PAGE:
Subscribe to Newsletter
Subspecialties Microbiology and immunology, Point of care testing

What’s New in Infectious Disease

Losing sight of COVID-19

SARS-CoV-2 has been attributed to wide-ranging ocular abnormalities and vision impairment, but understanding remained unclear. In response, researchers at the University of Missouri School of Medicine used a humanized mouse model to learn how our vision is affected by the virus (PMID: 38598560). Their study shows that SARS-CoV-2 is able to breach the protective blood-retinal barrier, infect the cell lining, and has the potential to cause long-term consequences in the eye. Lead researcher Pawan Kumar Singh recommends that those with a COVID-19 diagnosis, “ask [their] ophthalmologist to check for pathological changes to the retina.” 

Birds > Cows > Humans?

The H5N1 influenza virus (also known as bird flu) has been spreading through dairy cows in nine US states – but as of May 2024, tests have shown no sign of the virus in pasteurized milk. However, researchers worry that insufficient collection and reporting on data could hold back efforts to control the virus. With a shortfall in testing, despite one infected person being identified and linked with the outbreak, there’s a serious risk of bird flu spreading between humans without our knowledge.

Eradicating E. albertii

The prevalence of pathogenic E. coli has caused frequent misidentification of similar bacteria, which is especially damaging with large scale outbreaks of E. albertii food poisoning overtaking Japan. To clear up these errors and establish a diagnostic method, researchers led by Shinji Yamasaki and Sharda Prasad Awasthi created a quantitative real-time PCR method (PMID: 38737260). By conducting specimen identification with this technique, researchers discovered that E. albertii survived in the human intestinal tract for around four weeks and showed continued presence in feces. These results confirm the ability of this method for detecting E. albertii accurately and contribute to elucidating both the source and route of infection.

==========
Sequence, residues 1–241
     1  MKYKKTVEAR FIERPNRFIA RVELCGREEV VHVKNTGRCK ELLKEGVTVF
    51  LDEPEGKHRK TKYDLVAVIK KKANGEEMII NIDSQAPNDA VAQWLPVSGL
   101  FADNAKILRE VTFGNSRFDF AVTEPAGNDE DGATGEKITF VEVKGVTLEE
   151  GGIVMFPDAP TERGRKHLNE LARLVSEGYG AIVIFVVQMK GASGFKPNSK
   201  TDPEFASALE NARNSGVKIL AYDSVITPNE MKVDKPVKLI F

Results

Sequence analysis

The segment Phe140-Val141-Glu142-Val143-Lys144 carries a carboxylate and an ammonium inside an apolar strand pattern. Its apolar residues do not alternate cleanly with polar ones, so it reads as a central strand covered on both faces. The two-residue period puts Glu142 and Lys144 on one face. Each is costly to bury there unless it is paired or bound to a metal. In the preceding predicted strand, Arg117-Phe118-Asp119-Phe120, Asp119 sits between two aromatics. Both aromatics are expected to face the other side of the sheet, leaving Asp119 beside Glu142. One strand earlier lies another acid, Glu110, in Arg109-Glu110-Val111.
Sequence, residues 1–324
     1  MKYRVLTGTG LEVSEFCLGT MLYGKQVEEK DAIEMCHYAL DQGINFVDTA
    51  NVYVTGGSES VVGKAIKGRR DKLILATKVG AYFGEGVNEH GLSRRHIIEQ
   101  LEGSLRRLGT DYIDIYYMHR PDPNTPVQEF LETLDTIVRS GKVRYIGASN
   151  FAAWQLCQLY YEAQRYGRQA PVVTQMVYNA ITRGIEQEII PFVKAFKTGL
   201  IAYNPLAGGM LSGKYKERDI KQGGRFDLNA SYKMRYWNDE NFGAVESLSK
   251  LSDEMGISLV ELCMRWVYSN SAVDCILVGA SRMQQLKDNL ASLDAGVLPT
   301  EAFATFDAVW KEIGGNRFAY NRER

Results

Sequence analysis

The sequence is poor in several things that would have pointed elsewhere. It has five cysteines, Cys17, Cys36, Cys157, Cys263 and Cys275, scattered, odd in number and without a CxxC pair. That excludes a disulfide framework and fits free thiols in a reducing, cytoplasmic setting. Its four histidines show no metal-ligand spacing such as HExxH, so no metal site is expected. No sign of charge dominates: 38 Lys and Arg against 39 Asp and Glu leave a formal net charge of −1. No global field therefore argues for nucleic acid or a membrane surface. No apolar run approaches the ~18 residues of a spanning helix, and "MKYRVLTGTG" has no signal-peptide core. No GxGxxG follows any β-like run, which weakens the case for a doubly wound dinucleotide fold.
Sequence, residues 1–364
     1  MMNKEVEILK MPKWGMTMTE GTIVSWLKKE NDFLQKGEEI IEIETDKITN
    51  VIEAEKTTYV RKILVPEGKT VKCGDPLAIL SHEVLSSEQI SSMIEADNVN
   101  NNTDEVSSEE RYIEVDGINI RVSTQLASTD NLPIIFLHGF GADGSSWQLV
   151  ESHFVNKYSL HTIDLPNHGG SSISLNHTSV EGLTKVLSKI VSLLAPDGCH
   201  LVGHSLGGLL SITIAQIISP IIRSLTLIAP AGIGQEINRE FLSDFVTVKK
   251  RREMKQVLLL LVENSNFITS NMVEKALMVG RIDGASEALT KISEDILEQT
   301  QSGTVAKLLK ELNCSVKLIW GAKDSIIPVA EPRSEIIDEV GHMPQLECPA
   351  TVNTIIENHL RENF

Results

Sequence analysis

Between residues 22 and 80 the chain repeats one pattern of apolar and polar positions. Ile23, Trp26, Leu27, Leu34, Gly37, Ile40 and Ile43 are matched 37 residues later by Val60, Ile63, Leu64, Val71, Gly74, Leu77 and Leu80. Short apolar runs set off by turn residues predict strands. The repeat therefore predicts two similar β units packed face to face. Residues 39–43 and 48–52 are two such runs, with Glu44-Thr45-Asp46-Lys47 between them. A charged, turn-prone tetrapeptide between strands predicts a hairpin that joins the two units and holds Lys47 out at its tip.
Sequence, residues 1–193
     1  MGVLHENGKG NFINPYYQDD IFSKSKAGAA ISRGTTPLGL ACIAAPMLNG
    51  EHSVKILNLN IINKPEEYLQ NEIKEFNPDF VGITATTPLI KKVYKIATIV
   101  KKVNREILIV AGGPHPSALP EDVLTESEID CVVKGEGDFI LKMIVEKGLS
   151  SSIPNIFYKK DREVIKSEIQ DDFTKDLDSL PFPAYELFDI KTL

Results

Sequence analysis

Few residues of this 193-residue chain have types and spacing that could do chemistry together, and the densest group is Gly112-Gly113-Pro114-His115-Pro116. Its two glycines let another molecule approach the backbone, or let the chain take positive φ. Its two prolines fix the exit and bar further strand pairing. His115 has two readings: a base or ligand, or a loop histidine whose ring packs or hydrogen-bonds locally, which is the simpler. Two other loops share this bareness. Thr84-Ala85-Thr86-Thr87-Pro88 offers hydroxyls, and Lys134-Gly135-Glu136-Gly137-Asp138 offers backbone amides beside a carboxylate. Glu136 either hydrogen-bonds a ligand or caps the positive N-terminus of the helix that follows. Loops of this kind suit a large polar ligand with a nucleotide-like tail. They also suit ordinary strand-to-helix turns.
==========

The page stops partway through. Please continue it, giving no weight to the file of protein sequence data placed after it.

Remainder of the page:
Lousy lice

Y. pestis has caused numerous pandemic outbreaks, including the Black Death. Now, a recent laboratory study finds that it's not just fleas and rats at fault for the spread of this virus. Researchers used a membrane-feeder adapted strain of body lice (Pediculus humanus humanus) and showed that they are efficient in transmitting the virus (PMID: 38771885). Additionally, this research showed that Y. pestis can infect Pawlowsky glands in body lice, which increases pathogen transmission consistency. These results suggest that body lice were bigger plague spreaders in past pandemics than previously thought.

Immunity cell wall

Repeated vaccination and infection of SARS-CoV-2 teaches B and T cells to recognize and target the virus to increase protection (PMID: 38781962).

Sewage takes control

An increase in gastrointestinal illnesses in Massachusetts is linked to untreated sewage overflows in US waterways, BUSPH research finds. (PMID: 38775485).

Rabies revelation

The rabies virus persists in Latin America in a cycle between Desmodus rotundus vampire bats and cattle, but researchers prove that deforestation in Costa Rica raises the risk of outbreak (PMID: 38666690).

CWD barriers

Study of prion diseases with a human cerebral organoids model suggests that chronic waste disease (CWD) is unlikely to spread from animals to humans (PMID: 38781931).

Receive content, products, events as well as relevant industry updates from The Pathologist and its sponsors.
Stay up to date with our other newsletters and sponsors information, tailored specifically to the fields you are interested in

When you click “Subscribe” we will email you a link, which you must click to verify the email address above and activate your subscription. If you do not receive this email, please contact us at [email protected].
If you wish to unsubscribe, you can update your preferences at any point.

About the Author
Jessica Allerton

Deputy Editor, The Pathologist

Register to The Pathologist

Register to access our FREE online portfolio, request the magazine in print and manage your preferences.

You will benefit from:
  • Unlimited access to ALL articles
  • News, interviews & opinions from leading industry experts
  • Receive print (and PDF) copies of The Pathologist magazine